June 22, 2003
June 22, 2003
June 25, 2003
8.829.1 - 8.829.22
Looking Back Over 30 Years--AT&T Labs and Lucent Bell Laboratories Ph.D. Fellowship Programs 1972 - 2002
Elaine P. Laws--AT&T Labs
During 2002, AT&T Labs and Lucent Bell Laboratories will celebrate the 30th anniversary of their sponsorship of Ph.D. fellowship programs for under-represented minorities 1and women in science and engineering. In the early 1970s AT&T's research and development organization, then known as "Bell Laboratories," initiated efforts to recruit minority students for technical positions within the Labs. These efforts were the result of suggestions from the African American and women's communities within the R&D organization. Since the numbers of under-represented minority and women students graduating with Ph.D.s in disciplines relevant to the work of the Labs was very small, the Labs leadership realized that they would have to take an active role in identifying, encouraging, and supporting students in these groups to pursue studies in mathematics and engineering. This paper summarizes the common histories and goals of the programs, their launch and operation, their use of internships and mentors and the results of the combined AT&T and Lucent programs over the 30 year period of their operation.
Introduction Doctoral fellowship and grant programs were launched at AT&T's Bell Laboratories for under-represented minorities in 1972 and for women in 1974. They were respectively named the Cooperative Research Fellowship Program (CRFP) and the Graduate Research Fellowship Program for Women (GRPW). These two programs were funded by the Bell Laboratories research and development organization until 1992 at which time the AT&T Foundation assumed responsibility for their funding while Bell Labs R&D staff continued to support student recruiting, selection, internships and mentoring of students in these programs. With AT&T's trivestiture in 1996, Bell Labs was split between AT&T and the newly formed Lucent Technologies. The Bell Labs name was retained by Lucent, and AT&T's R&D organization became known as AT&T Labs. The fellowship and grant programs continued in the two companies with each company's foundations providing funding for the programs. The students in progress in the programs were split between the two organizations based on their disciplines and research focus and the R&D staff of each organization continued its efforts in recruiting, selecting, and providing internships and mentoring for the students. AT&T Labs combined the elements of the fellowship and grant programs for minorities and women into one program and named its program the AT&T Labs Fellowship Program (ALFP) while Lucent Bell Laboratories continued to maintain the two programs separately.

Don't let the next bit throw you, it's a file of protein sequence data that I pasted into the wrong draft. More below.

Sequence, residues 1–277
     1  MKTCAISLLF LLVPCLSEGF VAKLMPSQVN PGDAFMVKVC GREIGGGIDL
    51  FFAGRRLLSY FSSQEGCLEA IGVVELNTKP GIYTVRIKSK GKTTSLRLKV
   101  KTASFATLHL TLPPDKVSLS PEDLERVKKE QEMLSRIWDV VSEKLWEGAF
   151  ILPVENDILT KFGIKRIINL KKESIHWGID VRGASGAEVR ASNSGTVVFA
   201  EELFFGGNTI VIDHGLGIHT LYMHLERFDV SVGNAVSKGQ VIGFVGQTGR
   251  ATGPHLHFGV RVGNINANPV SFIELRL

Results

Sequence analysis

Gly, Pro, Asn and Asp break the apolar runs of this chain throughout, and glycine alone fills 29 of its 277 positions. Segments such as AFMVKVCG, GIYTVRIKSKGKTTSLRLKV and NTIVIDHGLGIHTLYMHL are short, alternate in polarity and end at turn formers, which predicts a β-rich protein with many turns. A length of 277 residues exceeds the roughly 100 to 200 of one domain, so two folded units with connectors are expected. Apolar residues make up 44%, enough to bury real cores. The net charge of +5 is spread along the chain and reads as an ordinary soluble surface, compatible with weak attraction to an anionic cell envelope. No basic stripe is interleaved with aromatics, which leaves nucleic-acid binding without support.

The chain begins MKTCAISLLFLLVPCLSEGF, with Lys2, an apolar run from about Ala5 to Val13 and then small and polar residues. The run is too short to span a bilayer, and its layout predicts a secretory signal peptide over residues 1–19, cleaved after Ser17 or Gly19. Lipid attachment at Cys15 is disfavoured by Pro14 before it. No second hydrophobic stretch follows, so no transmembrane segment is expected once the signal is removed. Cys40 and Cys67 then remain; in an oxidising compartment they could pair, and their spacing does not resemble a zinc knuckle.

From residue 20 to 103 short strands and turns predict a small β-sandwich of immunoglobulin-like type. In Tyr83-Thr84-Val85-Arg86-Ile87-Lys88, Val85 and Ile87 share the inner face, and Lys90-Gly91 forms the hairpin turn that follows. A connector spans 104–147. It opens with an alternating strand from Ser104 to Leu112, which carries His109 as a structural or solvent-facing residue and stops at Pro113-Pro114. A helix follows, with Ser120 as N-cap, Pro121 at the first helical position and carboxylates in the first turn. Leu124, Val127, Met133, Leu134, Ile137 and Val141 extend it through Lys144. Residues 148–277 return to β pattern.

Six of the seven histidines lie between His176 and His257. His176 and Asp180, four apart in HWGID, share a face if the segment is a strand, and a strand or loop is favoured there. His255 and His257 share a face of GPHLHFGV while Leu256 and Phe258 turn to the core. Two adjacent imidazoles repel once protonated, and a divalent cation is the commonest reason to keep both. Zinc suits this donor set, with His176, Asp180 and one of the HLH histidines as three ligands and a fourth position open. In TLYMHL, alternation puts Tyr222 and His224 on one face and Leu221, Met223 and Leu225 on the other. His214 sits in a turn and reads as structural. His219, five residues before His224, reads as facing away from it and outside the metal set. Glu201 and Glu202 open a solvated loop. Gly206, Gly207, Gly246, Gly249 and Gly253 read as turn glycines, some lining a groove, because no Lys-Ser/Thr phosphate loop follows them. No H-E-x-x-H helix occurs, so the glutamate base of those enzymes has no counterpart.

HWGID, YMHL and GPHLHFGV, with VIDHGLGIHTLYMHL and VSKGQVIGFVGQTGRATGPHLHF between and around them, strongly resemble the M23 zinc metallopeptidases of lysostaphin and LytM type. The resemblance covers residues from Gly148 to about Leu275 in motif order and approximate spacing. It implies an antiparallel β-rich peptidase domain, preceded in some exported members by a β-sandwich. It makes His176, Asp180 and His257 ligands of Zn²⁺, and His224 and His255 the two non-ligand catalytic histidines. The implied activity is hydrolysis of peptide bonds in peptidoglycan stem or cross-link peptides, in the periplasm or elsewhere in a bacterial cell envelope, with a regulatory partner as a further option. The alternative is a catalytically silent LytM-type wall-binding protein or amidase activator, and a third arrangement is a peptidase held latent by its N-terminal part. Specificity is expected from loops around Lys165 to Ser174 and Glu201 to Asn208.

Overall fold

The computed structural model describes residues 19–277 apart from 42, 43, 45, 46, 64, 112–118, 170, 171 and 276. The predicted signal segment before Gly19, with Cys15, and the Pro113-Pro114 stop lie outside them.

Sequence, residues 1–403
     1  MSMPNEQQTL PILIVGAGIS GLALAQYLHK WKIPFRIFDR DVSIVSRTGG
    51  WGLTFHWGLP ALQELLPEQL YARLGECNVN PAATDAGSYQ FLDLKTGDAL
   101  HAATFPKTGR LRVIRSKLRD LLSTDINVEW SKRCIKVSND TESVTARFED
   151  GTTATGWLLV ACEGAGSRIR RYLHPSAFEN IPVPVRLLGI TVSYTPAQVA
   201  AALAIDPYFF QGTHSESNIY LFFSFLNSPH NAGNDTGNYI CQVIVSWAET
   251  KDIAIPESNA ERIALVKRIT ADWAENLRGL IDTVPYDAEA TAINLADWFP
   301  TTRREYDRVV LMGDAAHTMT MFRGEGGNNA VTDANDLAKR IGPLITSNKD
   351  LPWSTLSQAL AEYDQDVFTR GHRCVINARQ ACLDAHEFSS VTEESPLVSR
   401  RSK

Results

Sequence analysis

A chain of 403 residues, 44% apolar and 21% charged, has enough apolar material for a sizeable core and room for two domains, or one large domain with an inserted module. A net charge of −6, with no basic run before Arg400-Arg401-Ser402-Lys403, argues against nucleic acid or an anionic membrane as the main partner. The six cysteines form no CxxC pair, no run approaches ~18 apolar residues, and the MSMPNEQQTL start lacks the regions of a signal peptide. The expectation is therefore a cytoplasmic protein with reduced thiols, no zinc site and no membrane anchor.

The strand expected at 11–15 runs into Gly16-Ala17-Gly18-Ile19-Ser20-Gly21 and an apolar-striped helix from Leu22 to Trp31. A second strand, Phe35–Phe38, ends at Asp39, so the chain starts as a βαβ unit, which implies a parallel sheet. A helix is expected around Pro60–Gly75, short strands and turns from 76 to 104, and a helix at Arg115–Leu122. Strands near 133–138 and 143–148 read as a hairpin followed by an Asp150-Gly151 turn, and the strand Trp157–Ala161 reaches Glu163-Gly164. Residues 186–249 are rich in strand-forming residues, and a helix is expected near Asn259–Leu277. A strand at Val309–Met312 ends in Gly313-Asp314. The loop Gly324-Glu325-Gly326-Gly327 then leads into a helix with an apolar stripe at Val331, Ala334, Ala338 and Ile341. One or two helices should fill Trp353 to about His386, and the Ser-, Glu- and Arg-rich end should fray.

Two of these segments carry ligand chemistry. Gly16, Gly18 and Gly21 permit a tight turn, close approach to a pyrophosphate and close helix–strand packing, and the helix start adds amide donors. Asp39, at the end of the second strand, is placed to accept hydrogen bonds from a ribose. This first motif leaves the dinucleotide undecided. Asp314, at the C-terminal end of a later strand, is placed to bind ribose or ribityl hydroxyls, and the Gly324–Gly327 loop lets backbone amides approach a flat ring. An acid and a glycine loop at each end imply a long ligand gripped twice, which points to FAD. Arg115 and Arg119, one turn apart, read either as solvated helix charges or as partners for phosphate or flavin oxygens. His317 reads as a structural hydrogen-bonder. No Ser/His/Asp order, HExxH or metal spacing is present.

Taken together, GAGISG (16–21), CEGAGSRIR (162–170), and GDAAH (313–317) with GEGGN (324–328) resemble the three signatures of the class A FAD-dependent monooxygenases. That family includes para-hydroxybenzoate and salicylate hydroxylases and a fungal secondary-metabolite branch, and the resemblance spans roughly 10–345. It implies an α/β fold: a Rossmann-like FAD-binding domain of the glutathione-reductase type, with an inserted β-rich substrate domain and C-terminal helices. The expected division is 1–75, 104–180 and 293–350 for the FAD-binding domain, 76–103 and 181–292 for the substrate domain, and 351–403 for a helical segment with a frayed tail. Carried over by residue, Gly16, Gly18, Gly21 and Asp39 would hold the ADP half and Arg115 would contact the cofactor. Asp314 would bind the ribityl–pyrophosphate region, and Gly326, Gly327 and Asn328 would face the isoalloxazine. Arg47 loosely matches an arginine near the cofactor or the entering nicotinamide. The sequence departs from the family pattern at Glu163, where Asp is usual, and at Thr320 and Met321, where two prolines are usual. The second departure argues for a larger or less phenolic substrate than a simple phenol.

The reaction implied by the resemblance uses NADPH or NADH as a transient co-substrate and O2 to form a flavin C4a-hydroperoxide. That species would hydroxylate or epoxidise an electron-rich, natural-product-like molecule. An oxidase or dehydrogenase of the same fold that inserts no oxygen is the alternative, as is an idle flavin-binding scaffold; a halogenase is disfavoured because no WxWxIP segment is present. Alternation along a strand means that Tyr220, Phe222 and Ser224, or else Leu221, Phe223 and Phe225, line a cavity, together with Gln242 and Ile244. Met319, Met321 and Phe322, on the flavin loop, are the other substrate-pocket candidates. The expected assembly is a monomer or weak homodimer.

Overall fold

1 Minorities considered under-represented in engineering, mathematics, and science include African Americans, Native Americans, and Hispanics.
"Proceedings of the 2003 American Society for Engineering Education Annual Conference & Exposition Copyright 2003, American Society for Engineering Education"
Laws, E. (2003, June), Looking Back Over 30 Years Doctoral Fellowships At At&T Labs 1972 2002 Paper presented at 2003 Annual Conference, Nashville, Tennessee. https://peer.asee.org/11509
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